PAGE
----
The Tang Teaching Museum and Art Gallery has received a generous donation of 75 works of contemporary art from the collection of computer programmer and philanthropist Peter Norton. The gift, drawn from Norton’s personal collection, is the first in a series of donations to university and college art museums across the country–such as UC Berkley, Williams, and Brandeis. This marks the beginning of Norton’s second major series of donations, with his first being in 2000, when he donated over 1,000 pieces to 32 institutions.
You might know Peter Norton from his namesake antivirus software, which was released in 1991. But Norton is also the holder of one of the largest contemporary art collections in the country, which he began to amass starting in the late 80s. Concerning his own tastes, Norton writes:
One of my ideals for an artwork is that there are thoughts and ideas behind it, but that the work nevertheless has so much visual content that it appeals to viewers who have no understanding of those ideas. I am drawn more to works that are three-dimensional, as they connect better to the actual world, and I like to buy the work of artists in their early careers, not only as it supports, encourages, and gives heart to them, but also as it does the same for their contemporaries. I also tend to be drawn to work that reflects non-mainstream backgrounds: feminist art and art from Black, Hispanic and Asian cultures.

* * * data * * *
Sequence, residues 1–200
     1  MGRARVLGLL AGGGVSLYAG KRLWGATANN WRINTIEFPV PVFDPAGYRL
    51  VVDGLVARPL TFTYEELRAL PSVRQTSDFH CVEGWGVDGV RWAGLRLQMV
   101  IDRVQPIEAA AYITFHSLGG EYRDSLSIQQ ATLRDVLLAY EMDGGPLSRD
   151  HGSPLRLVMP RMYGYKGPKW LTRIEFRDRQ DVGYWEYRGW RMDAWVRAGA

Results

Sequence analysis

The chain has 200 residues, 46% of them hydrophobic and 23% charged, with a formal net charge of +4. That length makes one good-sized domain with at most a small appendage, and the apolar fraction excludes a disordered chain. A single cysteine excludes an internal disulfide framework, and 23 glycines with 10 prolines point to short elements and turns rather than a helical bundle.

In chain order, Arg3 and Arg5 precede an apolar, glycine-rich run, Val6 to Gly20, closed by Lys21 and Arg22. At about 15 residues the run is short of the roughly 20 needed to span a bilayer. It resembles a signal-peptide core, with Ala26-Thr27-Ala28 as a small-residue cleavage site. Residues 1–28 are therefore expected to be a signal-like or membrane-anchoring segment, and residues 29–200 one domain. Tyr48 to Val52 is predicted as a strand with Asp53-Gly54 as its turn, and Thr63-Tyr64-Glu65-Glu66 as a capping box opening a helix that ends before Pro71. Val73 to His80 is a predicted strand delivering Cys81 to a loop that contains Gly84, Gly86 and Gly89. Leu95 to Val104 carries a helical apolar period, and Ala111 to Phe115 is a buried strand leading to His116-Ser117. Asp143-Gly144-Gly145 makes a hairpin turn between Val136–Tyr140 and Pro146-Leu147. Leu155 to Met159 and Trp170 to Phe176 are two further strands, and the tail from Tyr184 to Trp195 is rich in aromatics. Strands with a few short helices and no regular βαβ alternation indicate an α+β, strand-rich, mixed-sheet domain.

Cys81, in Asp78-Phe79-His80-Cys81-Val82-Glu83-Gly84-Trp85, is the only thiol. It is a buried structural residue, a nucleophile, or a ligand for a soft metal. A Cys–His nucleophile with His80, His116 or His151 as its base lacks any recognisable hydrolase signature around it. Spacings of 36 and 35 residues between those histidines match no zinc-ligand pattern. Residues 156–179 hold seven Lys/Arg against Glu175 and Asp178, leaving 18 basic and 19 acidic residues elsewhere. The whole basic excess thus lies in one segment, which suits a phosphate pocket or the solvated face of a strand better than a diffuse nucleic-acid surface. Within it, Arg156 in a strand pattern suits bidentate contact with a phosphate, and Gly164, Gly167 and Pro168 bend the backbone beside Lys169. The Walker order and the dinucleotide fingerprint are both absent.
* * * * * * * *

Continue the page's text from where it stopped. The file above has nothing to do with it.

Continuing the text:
Norton’s gift to the Tang includes works by some of today’s leading contemporary artists, such as Polly Apfelbaum, Matthew Barney, Nicole Cherubini, Willie Cole, Renee Cox, David Hammons, Glenn Ligon, Gabriel Orozco, Lari Pittman, Martha Rosler, Erika Rothenberg, and Lorna Simpson, among others. The collection also adds many pieces to the museum’s photography collection, as it includes works by Sam Durant, Anna Gaskell, Louise Lawler, Malik Sidbe, and many others photographers.
The donation also includes works by a number of artists who have been featured in their own solo shows in the at the museum, including (but not limited to) Nayland Blake, Nicole Eisenman, Joseph Grigely, Martin Kersels–in addition to works featured in the Tang’s current exhibition I was a double.
“On behalf of the Tang Teaching Museum, I would like to express my profound thanks to Peter Norton, he has substantially raised the profile of the Museum’s collection with this generous gift,” says Ian Berry, the Museum’s Dayton Director. “It fits perfectly with our role as a laboratory for ideas and dialogue, where art serves as a catalyst for students, faculty, and the public to advance knowledge across disciplines. These works will enrich the many audiences who come to the Tang, including the students who work with us, the faculty and classes who study here, and the artists and museum visitors from near and far.”
Several pieces from Norton’s donation are on view in the exhibition I was a double, which runs in the Tang until Jan. 4, 2015.